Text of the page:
By Melissa (Mish) Zimdars (originally published in Little Village)
Maybe it’s my pre-pubescent sense of humor, but the funniest aspect of the fourth season of Arrested Development is Tobias’ new license plate which reads “ANUSTART.” In his bizarro world, that’s supposed to be plate-speak for “A New Start.” The schtick pops up again in a later episode when Lucille 1 encounters Tobias in rehab, greeting him not by his name, but instead as “Anus Tart” (without even knowing about his new plate). This moment made me laugh out loud, but was unfortunately one of only a few that did in the 15 episodes I watched over the course of a week.
As I feared in my last Tube column, the current season of Arrested Developmentstreaming on Netflix is bloated with details, is narratively repetitive and generally doesn’t meet the standards set by preceding seasons—although as the episodes progressed they did become increasingly enjoyable. But what could we realistically expect? Part of what made Arrested Development great was the interactions between characters, but due to ensemble cast scheduling conflicts, each character stars in his or her own episode with the others appearing only for a scene or not at all. Ron Howard, the show’s executive producer, seems to get more screen time than anyone.
In all fairness, the day after its Memorial Day release, it received some positive feedback. The San Francisco Chronicle said, “The new season is not only as smart and absurdly funny as ever, but also reflects the rapid changes in how we watch television.” The Hollywood Reporter praised the show, “Its structure revealed its glorious ambition and the combination of absurdity and intelligence meshed as well or better than you might have remembered from the original three seasons.” More in line with my cynical view, however, was the The Wall Street Journal, which called the show a “shaky imitation of itself” and Variety compared this season to a “reunion special” that was “more interesting on paper.”
Beyond the debate over whether the show is still good (as I’m sure many of you enjoyed the hell out of it, and that’s okay!), I’m interested in what this show means in terms of the relationship between traditional television and that other medium to which we often attribute revolutionary and utopian potential: the internet.
What everyone seemed to be excited about in regard to Arrested Development was not only that a beloved show was coming back in streaming form, but also that the episodes could be marathoned (or binge-watched) at once. Internet streaming via companies like Netflix has become a potential rescuer of quality, niche programming that the dinosaur broadcast networks have deemed unprofitable. It’s also a method of viewing that puts viewers in control of their own schedules. The internet has basically been positioned as TV’s savior, as its revolutionizer and future, but even this claim isn’t new. Remote controls, VHS tapes, DVRs and even channels like HBO have all been framed similarly.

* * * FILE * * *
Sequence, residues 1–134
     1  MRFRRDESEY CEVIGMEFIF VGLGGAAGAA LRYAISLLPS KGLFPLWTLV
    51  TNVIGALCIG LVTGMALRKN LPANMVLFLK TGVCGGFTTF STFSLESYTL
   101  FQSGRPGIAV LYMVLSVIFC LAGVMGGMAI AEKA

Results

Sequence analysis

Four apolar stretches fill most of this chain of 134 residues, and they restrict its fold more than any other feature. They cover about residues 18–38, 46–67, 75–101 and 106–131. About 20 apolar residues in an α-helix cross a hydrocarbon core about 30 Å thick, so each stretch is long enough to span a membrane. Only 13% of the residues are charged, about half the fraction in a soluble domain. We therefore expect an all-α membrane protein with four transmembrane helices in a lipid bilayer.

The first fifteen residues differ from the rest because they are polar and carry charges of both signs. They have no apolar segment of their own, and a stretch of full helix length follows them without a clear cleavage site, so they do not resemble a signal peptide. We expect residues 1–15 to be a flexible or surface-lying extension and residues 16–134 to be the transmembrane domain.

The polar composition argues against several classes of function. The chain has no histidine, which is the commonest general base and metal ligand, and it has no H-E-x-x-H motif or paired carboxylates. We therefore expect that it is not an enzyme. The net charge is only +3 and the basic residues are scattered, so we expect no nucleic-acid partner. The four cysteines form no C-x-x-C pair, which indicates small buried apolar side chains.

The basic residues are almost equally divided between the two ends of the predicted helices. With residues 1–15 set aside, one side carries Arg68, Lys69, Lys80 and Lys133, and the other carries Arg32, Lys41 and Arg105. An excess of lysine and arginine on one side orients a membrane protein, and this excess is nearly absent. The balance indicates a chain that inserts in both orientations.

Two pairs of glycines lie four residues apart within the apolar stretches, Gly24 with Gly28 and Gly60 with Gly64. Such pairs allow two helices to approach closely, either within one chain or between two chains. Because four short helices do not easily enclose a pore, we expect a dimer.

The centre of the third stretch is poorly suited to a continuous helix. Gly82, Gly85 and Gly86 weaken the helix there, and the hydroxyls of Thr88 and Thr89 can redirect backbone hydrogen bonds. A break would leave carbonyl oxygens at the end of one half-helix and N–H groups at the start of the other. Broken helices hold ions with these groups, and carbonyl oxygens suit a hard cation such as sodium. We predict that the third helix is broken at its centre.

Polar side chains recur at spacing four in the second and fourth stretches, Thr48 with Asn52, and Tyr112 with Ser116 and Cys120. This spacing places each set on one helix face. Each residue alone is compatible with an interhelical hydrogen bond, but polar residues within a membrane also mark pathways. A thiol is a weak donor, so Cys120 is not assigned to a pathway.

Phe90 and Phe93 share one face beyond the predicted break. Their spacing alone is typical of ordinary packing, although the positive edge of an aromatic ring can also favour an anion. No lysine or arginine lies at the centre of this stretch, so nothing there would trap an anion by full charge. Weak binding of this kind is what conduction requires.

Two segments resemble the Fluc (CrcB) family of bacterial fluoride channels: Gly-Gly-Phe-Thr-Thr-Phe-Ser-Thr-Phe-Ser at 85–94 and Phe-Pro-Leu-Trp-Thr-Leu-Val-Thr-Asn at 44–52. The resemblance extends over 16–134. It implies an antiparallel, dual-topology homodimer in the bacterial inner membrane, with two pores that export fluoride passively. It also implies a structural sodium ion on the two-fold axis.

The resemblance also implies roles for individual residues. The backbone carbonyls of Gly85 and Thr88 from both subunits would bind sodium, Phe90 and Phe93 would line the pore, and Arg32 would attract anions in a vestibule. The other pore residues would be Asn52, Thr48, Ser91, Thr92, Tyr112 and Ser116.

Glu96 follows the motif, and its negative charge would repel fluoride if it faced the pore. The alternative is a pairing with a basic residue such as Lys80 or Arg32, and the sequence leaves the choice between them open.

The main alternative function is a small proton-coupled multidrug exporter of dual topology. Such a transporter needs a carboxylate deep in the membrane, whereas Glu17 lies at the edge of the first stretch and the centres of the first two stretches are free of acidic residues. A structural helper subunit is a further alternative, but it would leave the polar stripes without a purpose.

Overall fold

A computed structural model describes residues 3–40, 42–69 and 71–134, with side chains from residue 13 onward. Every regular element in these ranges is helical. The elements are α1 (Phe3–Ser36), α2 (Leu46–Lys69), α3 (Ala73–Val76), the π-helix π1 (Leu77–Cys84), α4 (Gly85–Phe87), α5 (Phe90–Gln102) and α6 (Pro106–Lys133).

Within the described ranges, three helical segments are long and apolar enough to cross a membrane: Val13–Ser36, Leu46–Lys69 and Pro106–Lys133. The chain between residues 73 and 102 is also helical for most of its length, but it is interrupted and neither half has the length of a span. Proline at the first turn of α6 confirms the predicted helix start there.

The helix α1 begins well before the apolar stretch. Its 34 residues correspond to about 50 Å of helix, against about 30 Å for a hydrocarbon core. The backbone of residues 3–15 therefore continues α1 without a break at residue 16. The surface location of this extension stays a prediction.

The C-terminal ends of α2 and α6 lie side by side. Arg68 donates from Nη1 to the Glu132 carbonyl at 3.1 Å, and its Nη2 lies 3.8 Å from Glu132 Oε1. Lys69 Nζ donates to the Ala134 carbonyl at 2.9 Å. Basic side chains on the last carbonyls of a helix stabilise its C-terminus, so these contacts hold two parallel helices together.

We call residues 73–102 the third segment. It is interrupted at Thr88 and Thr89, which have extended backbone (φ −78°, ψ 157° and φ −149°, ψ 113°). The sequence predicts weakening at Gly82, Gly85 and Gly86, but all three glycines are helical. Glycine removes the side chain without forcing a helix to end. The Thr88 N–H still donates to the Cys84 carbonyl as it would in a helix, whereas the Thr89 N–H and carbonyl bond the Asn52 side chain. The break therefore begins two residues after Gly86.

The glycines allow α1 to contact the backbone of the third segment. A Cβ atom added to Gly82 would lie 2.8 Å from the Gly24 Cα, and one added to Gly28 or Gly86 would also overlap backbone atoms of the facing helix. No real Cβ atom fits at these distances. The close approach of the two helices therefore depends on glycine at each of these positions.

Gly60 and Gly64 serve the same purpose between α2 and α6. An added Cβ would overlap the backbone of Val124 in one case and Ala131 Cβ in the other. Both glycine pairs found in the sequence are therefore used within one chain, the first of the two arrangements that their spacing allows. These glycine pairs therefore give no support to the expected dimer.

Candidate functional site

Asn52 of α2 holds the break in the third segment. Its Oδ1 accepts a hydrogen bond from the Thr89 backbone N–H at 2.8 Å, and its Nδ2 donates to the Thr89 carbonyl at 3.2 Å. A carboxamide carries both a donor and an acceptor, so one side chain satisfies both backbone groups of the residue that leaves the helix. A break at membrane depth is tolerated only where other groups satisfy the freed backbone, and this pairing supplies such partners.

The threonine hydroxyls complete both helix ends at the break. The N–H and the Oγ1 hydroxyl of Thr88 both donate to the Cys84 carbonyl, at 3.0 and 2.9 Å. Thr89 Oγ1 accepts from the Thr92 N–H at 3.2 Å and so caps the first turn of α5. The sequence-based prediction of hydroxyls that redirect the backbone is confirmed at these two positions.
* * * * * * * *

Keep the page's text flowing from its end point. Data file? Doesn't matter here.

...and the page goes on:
Following these hyperbolic proclamations and shortly after Arrested Development’s season four debut, The New York Times melodramatically published, “Chalk one up for the Internet: It has killed Arrested Development.” So, the heralded savior of TV turned around and killed TV? This article and others firstly blamed the experience of marathoning as part of the problem, or part of why these new episodes are less impressive than the originals. Viewed back-to-back we are more likely to notice plot inconsistencies and character deficiencies. I wonder, though, if that’s a problem inherent in the show itself or the method of watching? If a show is truly on par the opposite would be true, too, and we’d also notice so many more complexities and subtle bits of humor. The internet, a lot like buying DVD box sets not so long ago, gives us all the episodes at once, but some critics are suggesting that maybe there is something to be said about delayed satisfaction, or the enjoyment that can come from anticipating an episode and thinking about a show after it airs week after week after painstaking week.
Netflix streaming was also positioned as revolutionizing TV by breaking down time constraints imposed by strict programming schedules and commercial breaks. When Arrested Development aired on FOX, episodes averaged 21 or 22 minutes long, but now the times vary, with many of the commercial-free episodes extending over half an hour in length. The overdramatic New York Times article referenced earlier discussed this difference, calling the original, shorter episodes “tight” and “bright,” and the new, non-time-constrained episodes “slowed down” and “dragged out.” So did the old and allegedly creativity-constraining broadcast television model actually lead to a better product? Maybe so, at least in the case of Arrested Development.
Arrested Development is just another example of the way we tend to hype the internet—or companies like Netflix or Hulu or HBO—as completely challenging current television models and programming trends. We are promised that X, Y or Z will revolutionize EVERYTHING, but really we are just experiencing a series of small shifts that are sometimes new and exciting, and other times rooted in past technologies or practices. Of course, the television industry is in flux, and what “television” even means anymore is not entirely clear. At the very least, amid incessant claims that TV is looking a lot more like the internet, I think it could just as easily be claimed that the internet is also looking a lot more like TV, with its ever broadening amount of entertainment options, original programming ventures and show-resurrections like Arrested Development.